SEC v. Bruce Conway et al., Lit. Rel. No. 25585 (Dec. 2, 2022) – In a rare subpoena enforcement action, the SEC filed an application to show cause and for an order compelling compliance with investigative subpoenas against Bruce Conway and two others. The SEC is investigating potential insider trading in the securities of Cancer Genetics, Inc. The SEC application seeks Conway’s testimony regarding, among other things, his trading in Cancer Genetics securities in the month before and immediately following a merger announcement. The SEC also seeks documents from the three individuals related to trading in Cancer Genetics securities in their accounts.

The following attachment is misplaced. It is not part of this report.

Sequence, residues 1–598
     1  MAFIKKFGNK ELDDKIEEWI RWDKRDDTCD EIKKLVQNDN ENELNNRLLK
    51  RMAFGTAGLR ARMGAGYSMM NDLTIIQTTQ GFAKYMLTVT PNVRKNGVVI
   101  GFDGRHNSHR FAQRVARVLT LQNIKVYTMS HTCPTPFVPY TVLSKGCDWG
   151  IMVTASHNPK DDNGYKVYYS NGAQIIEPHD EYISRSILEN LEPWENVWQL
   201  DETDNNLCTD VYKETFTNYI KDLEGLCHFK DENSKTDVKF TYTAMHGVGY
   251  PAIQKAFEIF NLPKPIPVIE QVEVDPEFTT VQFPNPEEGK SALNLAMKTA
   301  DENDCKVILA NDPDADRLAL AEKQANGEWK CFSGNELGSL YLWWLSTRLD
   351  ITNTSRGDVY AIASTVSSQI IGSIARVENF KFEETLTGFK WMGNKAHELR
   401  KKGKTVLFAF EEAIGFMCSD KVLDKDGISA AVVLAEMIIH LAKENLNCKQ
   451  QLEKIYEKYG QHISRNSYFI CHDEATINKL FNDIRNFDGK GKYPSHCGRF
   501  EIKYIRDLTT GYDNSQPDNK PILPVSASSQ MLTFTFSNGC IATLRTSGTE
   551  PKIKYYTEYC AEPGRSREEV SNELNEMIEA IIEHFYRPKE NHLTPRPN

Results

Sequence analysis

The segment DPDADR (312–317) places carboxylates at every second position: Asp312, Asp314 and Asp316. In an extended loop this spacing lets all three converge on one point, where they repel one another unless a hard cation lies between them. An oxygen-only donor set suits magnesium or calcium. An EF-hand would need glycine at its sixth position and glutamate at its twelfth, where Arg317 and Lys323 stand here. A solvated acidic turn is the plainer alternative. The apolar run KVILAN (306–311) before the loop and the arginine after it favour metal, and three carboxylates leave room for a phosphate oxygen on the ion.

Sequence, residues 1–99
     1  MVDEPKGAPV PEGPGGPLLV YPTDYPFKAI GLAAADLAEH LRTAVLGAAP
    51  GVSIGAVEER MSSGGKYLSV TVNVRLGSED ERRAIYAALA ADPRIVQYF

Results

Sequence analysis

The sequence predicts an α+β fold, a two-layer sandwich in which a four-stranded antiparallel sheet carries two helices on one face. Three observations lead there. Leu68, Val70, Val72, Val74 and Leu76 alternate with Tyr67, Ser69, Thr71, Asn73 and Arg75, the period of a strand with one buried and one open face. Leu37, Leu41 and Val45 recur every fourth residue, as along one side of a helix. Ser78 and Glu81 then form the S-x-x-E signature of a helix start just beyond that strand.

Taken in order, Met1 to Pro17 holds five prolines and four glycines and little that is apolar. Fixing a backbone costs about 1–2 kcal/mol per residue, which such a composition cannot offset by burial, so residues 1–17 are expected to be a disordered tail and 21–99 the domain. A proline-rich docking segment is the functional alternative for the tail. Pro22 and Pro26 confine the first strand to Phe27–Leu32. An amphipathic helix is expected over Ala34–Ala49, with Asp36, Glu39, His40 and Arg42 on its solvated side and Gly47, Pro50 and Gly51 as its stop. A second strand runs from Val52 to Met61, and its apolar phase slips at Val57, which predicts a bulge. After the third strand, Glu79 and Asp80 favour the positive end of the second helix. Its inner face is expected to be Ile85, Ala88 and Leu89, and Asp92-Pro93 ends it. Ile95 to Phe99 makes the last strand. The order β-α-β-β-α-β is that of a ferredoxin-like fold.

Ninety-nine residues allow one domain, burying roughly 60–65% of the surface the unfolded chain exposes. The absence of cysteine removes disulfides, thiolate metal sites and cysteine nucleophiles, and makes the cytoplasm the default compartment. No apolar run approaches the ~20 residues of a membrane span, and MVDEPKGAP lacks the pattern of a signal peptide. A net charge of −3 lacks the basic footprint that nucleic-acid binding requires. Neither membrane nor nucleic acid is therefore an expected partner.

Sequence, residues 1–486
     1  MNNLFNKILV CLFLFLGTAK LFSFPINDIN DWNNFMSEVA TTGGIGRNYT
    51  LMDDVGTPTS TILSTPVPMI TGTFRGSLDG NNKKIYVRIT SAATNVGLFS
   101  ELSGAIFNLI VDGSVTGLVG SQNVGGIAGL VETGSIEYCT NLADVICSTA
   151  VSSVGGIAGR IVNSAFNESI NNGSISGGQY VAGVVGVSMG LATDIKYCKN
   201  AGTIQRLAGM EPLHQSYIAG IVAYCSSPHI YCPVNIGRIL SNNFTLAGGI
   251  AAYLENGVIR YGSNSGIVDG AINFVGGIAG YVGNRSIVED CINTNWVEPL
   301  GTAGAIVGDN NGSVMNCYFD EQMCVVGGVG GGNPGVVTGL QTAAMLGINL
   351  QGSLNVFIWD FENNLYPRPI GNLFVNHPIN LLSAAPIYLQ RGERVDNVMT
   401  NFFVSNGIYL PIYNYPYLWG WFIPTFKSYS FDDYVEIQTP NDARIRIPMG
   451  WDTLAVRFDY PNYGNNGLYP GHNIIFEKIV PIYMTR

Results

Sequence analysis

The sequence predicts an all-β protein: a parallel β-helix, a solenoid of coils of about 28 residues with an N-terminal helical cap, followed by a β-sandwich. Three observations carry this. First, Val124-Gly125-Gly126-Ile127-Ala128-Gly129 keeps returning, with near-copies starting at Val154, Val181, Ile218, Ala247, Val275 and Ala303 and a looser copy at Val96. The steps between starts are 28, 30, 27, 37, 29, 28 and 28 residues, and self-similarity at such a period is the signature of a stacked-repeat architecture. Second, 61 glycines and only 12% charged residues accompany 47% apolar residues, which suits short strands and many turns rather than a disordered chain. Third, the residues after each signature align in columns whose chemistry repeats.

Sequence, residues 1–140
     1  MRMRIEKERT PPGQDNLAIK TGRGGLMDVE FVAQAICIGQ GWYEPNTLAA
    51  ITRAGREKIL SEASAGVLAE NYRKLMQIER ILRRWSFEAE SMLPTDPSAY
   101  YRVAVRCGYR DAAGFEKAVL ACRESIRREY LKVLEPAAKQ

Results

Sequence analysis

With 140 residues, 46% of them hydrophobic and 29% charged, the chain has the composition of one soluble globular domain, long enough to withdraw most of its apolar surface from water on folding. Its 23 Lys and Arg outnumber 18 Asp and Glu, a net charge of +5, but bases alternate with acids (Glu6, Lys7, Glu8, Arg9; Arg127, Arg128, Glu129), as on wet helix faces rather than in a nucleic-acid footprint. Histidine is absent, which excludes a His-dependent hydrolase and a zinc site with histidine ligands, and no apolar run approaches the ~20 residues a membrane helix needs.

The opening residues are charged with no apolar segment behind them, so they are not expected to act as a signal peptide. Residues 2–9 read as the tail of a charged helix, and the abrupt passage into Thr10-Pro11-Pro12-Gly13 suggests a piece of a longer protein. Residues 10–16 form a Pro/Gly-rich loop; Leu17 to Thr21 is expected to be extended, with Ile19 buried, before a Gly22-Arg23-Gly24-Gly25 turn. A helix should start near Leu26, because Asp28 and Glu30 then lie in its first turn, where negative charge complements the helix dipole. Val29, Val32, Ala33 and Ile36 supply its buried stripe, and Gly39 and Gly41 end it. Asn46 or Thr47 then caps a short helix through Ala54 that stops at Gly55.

(NSEU 23-01)

This update is for information purposes only and should not be construed as legal advice on any specific facts or circumstances. Under the Rules of the Supreme Judicial Court of Massachusetts, this material may be considered as advertising.